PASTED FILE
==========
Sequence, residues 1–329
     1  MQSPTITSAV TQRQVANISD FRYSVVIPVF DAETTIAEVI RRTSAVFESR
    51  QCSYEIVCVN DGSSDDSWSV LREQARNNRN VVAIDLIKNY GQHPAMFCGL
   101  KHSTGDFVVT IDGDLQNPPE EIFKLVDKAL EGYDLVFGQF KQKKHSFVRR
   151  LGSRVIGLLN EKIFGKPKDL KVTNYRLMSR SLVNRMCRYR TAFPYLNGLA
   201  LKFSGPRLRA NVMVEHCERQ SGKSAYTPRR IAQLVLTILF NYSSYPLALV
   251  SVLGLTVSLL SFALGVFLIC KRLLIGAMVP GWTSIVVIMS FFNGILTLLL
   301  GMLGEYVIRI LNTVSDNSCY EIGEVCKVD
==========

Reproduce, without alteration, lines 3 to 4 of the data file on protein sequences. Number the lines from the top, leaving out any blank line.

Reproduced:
    51  QCSYEIVCVN DGSSDDSWSV LREQARNNRN VVAIDLIKNY GQHPAMFCGL
   101  KHSTGDFVVT IDGDLQNPPE EIFKLVDKAL EGYDLVFGQF KQKKHSFVRR